|Most recent IBA monitoring assessment|
|Year of assessment||Threat score (pressure)||Condition score (state)||Action score (response)|
|2008||high||not assessed||not assessed|
|For more information about IBA monitoring please click here|
The IBA is based on Lake Yamma Yamma on the Cooper Creek system in inland Queensland. It also includes the seasonal claypans on the margins and also the Barrolka Lakes to the north-east side, which have several cormorant colonies. The lake only holds water during floods of moderate or greater intensity on Cooper Creek. Lake Yamma Yamma at 87,000 ha is the largest inland ephemeral lake in Queensland. It is completely filled with water about once every 25 to 30 years or less, and was most recently filled to capacity in 2000. The waters of the lake are fresh when first inundated, but become progressively more saline as the lake dries out. The dry lake bed is formed of cracking grey clays that support an extensive low grassland dominated by Rat's Tail Couch. A variety of ephemeral forbs (e.g. Cooper's Clover, Solanum spp.), grasses (e.g. Echinochloa turnerana) and sedges (e.g. Cyperus spp.) grow amongst the couch following rain or brief inundation. The far north-eastern section of the lake, which receives seasonal inundation from Cooper Creek, supports low to open Lignum shrubland with scattered stands of open woodland dominated by Coolabah and River Cooba. A large colony of the Australian Pelican breeds on an island in the north-eastern part of the lake.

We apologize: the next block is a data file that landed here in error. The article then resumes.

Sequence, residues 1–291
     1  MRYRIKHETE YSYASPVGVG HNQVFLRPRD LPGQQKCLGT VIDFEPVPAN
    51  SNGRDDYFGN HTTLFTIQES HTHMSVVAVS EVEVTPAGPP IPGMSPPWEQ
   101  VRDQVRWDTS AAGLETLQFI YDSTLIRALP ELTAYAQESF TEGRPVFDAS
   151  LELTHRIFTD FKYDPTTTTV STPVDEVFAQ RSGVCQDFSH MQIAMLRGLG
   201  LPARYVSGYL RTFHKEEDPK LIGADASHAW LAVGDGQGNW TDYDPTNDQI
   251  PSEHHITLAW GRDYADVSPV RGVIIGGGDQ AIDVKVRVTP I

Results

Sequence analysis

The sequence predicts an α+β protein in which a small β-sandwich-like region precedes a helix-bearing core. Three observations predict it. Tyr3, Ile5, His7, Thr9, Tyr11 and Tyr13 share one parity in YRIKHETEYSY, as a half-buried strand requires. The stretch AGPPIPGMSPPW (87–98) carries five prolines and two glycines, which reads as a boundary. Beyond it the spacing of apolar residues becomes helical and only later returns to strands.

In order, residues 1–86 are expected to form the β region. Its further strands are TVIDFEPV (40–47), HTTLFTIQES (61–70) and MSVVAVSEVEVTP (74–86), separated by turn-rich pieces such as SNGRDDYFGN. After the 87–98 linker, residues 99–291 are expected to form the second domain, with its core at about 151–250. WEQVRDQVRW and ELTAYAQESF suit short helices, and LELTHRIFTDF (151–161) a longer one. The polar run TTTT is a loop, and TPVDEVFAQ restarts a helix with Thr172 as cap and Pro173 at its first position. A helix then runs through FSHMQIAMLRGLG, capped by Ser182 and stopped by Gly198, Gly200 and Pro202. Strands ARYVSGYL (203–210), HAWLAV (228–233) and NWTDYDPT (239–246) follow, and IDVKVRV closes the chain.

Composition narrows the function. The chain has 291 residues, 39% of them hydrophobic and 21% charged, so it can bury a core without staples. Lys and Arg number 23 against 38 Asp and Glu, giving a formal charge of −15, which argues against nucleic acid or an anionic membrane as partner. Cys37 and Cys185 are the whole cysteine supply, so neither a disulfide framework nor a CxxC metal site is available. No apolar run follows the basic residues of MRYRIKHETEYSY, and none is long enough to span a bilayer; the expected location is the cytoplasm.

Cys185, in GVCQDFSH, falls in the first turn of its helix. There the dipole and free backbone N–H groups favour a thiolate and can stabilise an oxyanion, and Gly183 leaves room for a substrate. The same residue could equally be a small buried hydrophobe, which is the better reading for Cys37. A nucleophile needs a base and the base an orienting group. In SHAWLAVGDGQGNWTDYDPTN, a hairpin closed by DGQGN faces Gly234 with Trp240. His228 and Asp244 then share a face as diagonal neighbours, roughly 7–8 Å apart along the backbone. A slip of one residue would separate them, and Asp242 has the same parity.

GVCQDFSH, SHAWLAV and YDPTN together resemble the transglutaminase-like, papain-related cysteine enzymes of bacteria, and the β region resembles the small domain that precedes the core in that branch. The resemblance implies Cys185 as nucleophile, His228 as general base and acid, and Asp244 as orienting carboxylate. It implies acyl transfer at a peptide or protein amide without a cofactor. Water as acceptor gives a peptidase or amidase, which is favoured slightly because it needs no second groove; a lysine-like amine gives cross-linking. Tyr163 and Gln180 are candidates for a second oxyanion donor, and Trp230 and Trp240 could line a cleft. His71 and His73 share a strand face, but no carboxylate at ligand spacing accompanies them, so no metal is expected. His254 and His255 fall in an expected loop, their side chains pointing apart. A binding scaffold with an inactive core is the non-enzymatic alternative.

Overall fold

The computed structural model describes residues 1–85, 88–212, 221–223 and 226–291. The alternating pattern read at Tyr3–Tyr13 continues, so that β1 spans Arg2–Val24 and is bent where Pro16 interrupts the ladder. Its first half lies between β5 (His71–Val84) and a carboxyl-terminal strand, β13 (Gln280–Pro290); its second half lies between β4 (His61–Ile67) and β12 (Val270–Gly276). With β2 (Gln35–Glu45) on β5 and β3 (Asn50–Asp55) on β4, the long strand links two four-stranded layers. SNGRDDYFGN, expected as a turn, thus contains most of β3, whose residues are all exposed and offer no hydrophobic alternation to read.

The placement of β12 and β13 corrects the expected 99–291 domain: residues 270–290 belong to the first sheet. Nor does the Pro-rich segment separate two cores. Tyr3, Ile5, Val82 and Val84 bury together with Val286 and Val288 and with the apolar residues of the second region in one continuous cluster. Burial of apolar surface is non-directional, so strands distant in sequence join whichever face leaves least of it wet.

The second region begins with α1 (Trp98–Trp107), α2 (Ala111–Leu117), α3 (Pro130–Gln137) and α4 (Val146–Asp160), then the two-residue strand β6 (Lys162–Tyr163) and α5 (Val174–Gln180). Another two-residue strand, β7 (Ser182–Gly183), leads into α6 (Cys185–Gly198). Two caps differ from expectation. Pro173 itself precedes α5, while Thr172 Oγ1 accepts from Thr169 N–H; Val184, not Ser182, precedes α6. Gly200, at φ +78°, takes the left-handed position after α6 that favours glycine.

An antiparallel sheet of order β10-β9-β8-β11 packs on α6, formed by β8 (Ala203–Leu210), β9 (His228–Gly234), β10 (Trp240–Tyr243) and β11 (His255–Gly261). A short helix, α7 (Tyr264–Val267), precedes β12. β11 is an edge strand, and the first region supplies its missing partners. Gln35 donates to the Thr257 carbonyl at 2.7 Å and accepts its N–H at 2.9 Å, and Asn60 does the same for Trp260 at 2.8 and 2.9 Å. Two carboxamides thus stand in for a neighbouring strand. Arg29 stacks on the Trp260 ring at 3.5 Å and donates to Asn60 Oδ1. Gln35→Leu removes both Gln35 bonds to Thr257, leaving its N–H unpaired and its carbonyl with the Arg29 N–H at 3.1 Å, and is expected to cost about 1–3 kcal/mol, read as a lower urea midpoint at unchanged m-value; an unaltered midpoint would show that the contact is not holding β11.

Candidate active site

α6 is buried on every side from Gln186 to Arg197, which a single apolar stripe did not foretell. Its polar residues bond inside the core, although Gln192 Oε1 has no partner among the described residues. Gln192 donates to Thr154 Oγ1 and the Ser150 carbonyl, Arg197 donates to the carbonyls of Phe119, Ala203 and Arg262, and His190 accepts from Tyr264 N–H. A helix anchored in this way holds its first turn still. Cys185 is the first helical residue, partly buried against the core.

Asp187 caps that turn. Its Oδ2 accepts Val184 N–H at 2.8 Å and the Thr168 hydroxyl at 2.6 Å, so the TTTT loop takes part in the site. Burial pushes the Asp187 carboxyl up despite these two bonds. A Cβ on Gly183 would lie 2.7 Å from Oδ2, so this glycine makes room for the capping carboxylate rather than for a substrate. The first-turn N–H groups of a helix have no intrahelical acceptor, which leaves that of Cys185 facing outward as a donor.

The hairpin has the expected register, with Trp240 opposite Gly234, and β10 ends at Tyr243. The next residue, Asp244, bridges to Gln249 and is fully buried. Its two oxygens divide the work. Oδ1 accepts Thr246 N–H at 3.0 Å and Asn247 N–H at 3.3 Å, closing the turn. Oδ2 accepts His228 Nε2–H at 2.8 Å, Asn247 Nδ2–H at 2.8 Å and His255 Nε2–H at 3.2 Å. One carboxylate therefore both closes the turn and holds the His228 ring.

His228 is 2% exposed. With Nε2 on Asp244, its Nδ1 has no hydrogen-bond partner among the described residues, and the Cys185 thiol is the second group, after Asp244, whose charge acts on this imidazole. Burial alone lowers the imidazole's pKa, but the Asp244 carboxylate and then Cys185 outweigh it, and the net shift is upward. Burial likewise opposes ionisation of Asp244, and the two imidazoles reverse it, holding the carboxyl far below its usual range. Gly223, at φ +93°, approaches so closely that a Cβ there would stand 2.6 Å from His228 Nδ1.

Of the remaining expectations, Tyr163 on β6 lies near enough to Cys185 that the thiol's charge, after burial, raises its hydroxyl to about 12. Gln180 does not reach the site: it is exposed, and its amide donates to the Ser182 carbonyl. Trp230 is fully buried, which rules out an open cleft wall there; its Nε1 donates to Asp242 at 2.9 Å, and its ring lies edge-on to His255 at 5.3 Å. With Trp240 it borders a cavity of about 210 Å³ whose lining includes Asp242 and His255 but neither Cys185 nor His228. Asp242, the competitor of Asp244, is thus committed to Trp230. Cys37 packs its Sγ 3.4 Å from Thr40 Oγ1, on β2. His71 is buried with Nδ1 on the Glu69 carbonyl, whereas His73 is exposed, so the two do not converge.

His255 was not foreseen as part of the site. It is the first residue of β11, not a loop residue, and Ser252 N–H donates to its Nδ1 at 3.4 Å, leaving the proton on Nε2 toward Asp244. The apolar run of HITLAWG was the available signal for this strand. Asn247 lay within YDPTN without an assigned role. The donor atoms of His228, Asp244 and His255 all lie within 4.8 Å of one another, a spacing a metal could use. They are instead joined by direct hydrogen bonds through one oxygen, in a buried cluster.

Species that may be described as abundant include Hardhead, Black-winged Stilt and Glossy Ibis (R. Jaensch pers. comm. 2007). Grey Teal (10,970 birds), Black-tailed Native-hen (3052 birds), Australian Pratincole (1157 birds) and Whiskered Tern (3091 birds) were present in substantial but sub-threshold numbers in October 2000 (Barter and Harris 2002; M. Barter pers. comm. 2007). 4300 Pacific Black Duck were estimated in 2000 (Kingsford et al. 2003). One high count of 544 Freckled Duck in 2000, but otherwise small numbers e.g. 81 birds in October 1992 (Kingsford et al. 1991, 1993; Kingsford and Porter (2006); M. Barter pers. comm. 2007). White-winged Black Tern have been observed in flocks containing many hundreds of birds (R. Jaensch pers. comm. 2007). Based on preliminary survey data and the extent of habitat available, the IBA is predicted to regularly support more than 20,000 waterbirds, although at times numbers could potentially exceed 100,000 waterbirds (R. Jaensch pers. comm. 2007). The near threatened Letter-winged Kite has been recorded in the IBA (Atlas of Australian Birds database).
BirdLife International (2020) Important Bird Areas factsheet: Lake Yamma Yamma. Downloaded from http://www.birdlife.org on 09/07/2020.